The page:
Rising with the tide

Published July 5, 2021
The writer is senior manager, professional development, Oxford University Press Pakistan.
The writer is senior manager, professional development, Oxford University Press Pakistan.

IN the wake of the closure of schools, teachers received a lot of flak for leaving learning gaps as parents have not had a chance to see the assessment reports after examinations, as they would in a regular year. Schools have been accused of charging fees and not completing the work and assessments according to the parents’ expectations. These are exceptional circumstances and teachers have arguably worked tremendously hard to bridge their students’ learning gaps. Many schools have successfully navigated the roadblocks by working closely with parents and maintaining a communication loop with them. The recourse that seems to be working for many teachers is research, resilience, resolve and reflection.

What have some schools done to keep parents and students content, retain their student numbers and continue to engage and pay their teachers? A large part of it has to do with rising with the tide. Researching available resources and material, demonstrating willingness to upgrade skills and a consistent analysis of teaching and learning has been necessary to ensure that our work and skills are relevant to the times. Rather than struggling to keep afloat with what we already know and resisting the force of change, we could perhaps dive deep into research to find resources that can help with refining the parameters of our knowledge and expertise. The third ‘R’ in this strategy is equally significant as teachers have had to show great resolve against much scrutiny and criticism.

Whether we do this consciously with a pen and paper in a nicely lit study or make it a consistent train of thought as we go through the day, we need an action plan that unfolds systematically through our work hours. This would mean asking questions repeatedly and in different ways: what needs to be done and how? Have I found the most efficient ways of doing it? Have I upgraded my skills to match the requirements and are they relevant to the needs of my students? As we roll out our action plan, a massive load of problem-solving may descend in unpredictable times when it is particularly difficult to evaluate the outcome of our efforts, and we find ourselves firefighting as circumstances change faster than we can cope.

The learning curve has never been more demanding or divisive.

Many parents have been accusing schools of changing their decisions at the drop of a hat — the truth is, decisions have been contingent upon unprecedented circumstances and not responding to them would have been disastrous on many fronts. Now that the academic year has almost ended, it may be a good time to ‘reflect’ on what has worked and what can be done better in terms of serving the interests of students. It is quite clear that simulating the face-to-face teaching experience is not yielding results. Online education is a different ball game altogether.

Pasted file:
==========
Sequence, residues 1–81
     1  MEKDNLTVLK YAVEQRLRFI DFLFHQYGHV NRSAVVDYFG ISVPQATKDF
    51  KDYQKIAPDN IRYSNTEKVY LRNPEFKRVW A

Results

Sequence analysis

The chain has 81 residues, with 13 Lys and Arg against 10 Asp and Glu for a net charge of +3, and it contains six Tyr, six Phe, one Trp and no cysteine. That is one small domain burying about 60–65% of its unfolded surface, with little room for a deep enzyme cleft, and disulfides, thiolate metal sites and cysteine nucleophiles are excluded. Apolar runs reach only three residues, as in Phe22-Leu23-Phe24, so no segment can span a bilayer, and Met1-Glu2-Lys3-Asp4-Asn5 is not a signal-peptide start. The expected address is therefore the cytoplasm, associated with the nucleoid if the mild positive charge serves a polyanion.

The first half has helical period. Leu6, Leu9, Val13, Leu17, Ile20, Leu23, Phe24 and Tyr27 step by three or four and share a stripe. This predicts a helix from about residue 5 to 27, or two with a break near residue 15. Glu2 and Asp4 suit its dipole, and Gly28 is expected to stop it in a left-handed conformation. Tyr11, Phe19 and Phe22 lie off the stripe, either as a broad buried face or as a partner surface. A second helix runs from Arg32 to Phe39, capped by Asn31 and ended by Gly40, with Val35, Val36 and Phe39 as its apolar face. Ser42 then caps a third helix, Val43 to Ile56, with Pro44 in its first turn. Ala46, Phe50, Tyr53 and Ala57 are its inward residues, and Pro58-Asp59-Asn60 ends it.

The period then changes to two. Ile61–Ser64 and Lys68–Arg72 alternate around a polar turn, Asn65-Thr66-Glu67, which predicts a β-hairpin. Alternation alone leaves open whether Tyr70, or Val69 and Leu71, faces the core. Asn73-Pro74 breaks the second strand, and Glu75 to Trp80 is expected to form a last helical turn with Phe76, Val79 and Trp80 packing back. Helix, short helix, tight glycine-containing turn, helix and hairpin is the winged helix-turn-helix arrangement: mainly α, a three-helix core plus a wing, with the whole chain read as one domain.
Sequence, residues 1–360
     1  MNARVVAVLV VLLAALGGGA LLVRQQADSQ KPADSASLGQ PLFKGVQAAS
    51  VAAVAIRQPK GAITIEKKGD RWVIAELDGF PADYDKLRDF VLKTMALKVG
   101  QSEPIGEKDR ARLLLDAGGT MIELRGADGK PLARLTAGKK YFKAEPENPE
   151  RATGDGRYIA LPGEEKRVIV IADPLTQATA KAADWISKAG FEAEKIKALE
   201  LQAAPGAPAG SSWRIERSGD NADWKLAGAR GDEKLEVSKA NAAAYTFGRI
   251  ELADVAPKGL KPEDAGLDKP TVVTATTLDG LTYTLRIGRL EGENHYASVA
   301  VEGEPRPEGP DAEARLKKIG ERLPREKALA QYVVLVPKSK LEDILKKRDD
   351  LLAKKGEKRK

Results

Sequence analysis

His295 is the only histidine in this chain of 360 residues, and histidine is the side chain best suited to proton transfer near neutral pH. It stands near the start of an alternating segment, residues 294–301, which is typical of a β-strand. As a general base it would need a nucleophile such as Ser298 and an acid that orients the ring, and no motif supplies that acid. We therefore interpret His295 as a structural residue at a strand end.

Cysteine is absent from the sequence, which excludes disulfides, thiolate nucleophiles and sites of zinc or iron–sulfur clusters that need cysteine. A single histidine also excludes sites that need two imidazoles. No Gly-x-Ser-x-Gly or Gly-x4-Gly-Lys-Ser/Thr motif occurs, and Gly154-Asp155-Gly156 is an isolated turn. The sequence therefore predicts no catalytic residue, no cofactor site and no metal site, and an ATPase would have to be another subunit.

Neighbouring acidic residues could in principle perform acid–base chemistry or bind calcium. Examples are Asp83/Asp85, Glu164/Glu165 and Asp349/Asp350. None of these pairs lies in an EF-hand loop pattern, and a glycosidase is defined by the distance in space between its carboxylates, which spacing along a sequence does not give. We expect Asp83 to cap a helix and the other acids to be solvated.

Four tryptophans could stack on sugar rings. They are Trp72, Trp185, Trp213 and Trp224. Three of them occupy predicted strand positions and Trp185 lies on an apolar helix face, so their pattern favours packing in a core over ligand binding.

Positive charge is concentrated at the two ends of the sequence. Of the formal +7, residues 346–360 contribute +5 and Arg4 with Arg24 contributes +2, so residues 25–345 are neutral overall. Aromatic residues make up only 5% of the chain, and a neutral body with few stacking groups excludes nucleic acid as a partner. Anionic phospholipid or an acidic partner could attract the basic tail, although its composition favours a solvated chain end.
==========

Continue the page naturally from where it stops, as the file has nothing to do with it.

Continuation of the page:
No one has a crystal ball to see how the situation will pan out and how soon schools may be able to return to a face-to-face or hybrid reality. It might be time to reflect on what is not working — perhaps we need to break up classes into smaller groups for greater individual support or minimise the range of subjects taught in a single day to make way for deeper learning. For example, a day dedicated to science and English and another day dedicated to mathematics and geography may enable teachers to iron out problems that the students may be facing before moving on to the next subject.

The interesting part about reflection is that it allows a departure from the action plan when it becomes evident that the strategies have not been effective. Rather than stick to the initial plan and keep incurring sunk costs, schools need to move qui­ckly towards alternatives, such as teaching throu­­gh videos, one-to-one tutoring, cross-curricular learning — for example, integ­rating ma­­­­the­ma­­­tics and art — and re­­search that eng­ages children in fact-finding, experimentation, or longer-term projects. Innovative teaching may empower children to become more engaged and independent learners, using their natural curiosity as a catalyst.

Often, we view experimental ways of teaching with scepticism as we do not regard the process of learning complete without the necessary assessments that not only help teachers know if they are on track, but also serve to show quantifiable results to parents. However, in the current climate, assessing effort may be as important as looking at attainment. After all, students have had to learn against many odds. The learning curve has never been more demanding and divisive — lack of efficient equipment, space and connectivity all contribute towards putting millions of children and teachers at an unfair advantage. Part of what will determine success is their stamina to keep rising above the tide.

The writer is senior manager, professional development, Oxford University Press Pakistan.

neda.mulji@gmail.com

Twitter: @nedamulji

Published in Dawn, July 5th, 2021

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